Image: Marilyn Monroe
John Brecher /
For every YouTube visitor in high school there is another one who is old enough to remember Marilyn Monroe, whose star still shines brightly on the video-sharing Web site.
updated 10/1/2006 4:42:14 PM ET 2006-10-01T20:42:14

Online video purveyor YouTube has, perhaps unjustly, earned a reputation as a loitering spot for the young and the restless. That isn't quite so.

YouTube's demographic closely mirrors the overall usership of the Internet, with 55 percent of its viewers between 18 and 49. For every YouTube visitor still in high school there is another one who is eligible for membership in the AARP. Thanks to its vast archives of some 8 million video clips, with 65,000 additions daily, YouTube is slowly cultivating a more mature fan base.

Patient surfers willing to wade through the often puerile contributions will be rewarded with hard to find screen gems, nostalgic news reels, instructional videos and even well-produced, albeit homemade, knee slappers.

Forbes scoured YouTube to find some of the most compelling clips from a variety of genres designed for older audiences. YouTube also compiles its most viewed videos (Colbert Report and South Park clips among them) and top rated videos (which recently included several anime clips). The Top Favorites category includes clips with at least 100 high scores. (Videos are ranked on a scale of 5 stars.) And for its growing international fan base, YouTube has added categories for 5 additional languages, including Chinese and German.

YouTube shelves its video in 12 overly broad categories like "Pets & Animals" and "Travel & Places." You'll have to know what you're looking for in order to trawl these categories or else wade through dozens upon dozens of screen shots before finding something eye-catching. In "Arts & Animation," Forbes found a 7-minute clip of Disney's 1928 Steamboat Willie, the first cartoon to feature Mickey Mouse. Rare interviews of rock stars, movie stars and politicos are scattered throughout "People." Sports fans can replay controversial calls for hours on end or even get free instruction on how to improve their golf swings, backhands and jump shots. (Everyone's an expert on YouTube, so exercise some healthy skepticism when seeking pointers.)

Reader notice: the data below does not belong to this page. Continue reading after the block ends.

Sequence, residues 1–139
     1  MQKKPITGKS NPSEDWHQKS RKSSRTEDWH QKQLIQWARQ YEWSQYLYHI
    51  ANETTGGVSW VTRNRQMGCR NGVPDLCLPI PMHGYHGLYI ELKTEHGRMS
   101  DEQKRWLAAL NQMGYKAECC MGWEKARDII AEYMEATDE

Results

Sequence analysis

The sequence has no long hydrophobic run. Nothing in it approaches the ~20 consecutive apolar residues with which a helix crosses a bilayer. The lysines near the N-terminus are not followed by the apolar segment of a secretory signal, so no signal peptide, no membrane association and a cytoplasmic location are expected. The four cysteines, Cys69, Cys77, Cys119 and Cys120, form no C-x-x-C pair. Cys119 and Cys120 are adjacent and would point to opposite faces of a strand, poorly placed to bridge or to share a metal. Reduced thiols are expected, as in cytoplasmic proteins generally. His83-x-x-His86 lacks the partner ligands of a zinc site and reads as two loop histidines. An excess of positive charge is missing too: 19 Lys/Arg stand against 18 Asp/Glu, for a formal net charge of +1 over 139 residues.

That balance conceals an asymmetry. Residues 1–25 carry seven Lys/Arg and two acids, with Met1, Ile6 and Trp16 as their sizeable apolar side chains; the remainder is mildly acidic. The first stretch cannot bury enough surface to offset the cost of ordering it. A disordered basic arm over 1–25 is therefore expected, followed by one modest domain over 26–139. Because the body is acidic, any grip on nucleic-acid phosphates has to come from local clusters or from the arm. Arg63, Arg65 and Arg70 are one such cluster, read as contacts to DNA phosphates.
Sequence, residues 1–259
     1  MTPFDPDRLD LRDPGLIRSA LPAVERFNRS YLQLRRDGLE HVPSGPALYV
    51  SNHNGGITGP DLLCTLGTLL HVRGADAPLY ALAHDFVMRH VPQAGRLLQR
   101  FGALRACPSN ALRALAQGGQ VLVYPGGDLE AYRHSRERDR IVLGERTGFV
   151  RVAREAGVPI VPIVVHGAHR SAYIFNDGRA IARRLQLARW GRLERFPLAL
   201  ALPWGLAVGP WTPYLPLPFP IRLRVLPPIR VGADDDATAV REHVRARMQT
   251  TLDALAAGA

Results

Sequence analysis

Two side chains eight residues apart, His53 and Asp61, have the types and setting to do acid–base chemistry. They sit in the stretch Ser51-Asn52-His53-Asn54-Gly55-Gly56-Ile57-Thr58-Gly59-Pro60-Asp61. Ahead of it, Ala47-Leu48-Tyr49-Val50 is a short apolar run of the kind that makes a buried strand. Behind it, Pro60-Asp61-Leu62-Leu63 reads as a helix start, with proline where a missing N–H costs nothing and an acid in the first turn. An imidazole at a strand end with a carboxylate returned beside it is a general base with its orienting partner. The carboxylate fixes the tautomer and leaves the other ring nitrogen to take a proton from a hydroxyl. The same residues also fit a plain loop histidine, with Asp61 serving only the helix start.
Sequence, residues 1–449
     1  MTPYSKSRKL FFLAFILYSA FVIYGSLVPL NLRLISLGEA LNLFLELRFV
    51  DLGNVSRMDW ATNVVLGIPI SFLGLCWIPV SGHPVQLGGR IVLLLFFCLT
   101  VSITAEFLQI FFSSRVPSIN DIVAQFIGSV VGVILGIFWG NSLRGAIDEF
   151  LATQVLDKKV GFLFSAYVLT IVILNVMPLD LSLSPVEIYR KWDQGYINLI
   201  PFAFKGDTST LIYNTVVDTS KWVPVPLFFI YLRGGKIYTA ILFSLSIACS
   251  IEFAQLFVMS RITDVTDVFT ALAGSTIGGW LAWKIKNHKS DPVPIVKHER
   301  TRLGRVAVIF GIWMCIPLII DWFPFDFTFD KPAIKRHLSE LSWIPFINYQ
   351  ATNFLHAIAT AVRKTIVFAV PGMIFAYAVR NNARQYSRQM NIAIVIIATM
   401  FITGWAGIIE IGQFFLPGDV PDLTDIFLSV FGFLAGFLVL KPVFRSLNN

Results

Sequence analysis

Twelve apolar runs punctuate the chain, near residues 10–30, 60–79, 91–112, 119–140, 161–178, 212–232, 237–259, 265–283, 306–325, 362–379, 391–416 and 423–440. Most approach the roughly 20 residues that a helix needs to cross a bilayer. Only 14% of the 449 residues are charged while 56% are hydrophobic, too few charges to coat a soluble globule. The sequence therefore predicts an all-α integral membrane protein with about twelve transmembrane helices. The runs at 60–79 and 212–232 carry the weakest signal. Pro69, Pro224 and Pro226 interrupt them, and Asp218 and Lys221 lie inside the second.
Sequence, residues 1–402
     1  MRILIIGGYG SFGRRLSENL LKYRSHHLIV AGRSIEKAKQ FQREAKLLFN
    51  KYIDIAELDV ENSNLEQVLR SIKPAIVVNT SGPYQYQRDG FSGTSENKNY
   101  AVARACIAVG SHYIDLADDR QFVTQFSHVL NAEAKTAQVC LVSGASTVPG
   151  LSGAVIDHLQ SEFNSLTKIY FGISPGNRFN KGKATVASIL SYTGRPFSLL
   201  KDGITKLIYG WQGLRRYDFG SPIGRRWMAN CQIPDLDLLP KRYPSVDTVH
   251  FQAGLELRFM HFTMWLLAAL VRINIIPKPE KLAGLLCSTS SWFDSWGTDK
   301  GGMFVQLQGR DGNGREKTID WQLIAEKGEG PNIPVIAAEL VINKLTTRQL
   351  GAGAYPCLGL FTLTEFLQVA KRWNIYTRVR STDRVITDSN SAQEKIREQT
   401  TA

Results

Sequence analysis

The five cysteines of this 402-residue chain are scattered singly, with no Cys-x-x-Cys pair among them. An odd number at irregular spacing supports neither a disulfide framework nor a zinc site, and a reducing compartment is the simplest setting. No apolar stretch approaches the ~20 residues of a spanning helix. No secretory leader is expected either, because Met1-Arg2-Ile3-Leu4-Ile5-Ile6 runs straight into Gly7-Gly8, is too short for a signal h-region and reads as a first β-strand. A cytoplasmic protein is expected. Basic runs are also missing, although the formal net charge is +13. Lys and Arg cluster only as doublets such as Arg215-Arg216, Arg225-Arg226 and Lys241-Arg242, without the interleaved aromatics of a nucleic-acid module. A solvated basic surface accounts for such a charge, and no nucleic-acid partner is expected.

"Entertainment" is stocked with scores of video extras, like first season Webisodes from The Office (the American version), never aired on broadcast television. Fan favorites on YouTube demonstrate the mass appeal YouTube has cultivated, with NASCAR proving nearly as popular as The Daily Show and Paris Hilton outdoing both, with over 4,232 clips at last count.

Popularity on YouTube can also translate into stardom. Alternative rock band OK Go won over thousands of new fans when they uploaded their video "Here It Goes," featuring the quartet doing a dance routine on treadmills. The band's online popularity even earned them a coveted spot performing at the MTV Video Awards this summer.

Last year's Saturday Night Live skit called "Lazy Sunday," a rap video starring Andy Samberg and Chris Parnell, became a Web sensation after it was featured on YouTube, where it was viewed 5 million times before NBC asked YouTube to remove it. And the most recent star turn thanks to YouTube belongs to actress Jessica Rose, better known online as Lonelygirl15 , whose fictionalized video diaries proved so real that they earned some 15 million cumulative page views. Older viewers obsessed online as to the veracity of her postings, scrutinizing her room decor, debating recurring motifs, even investigating the registration of her Web site.

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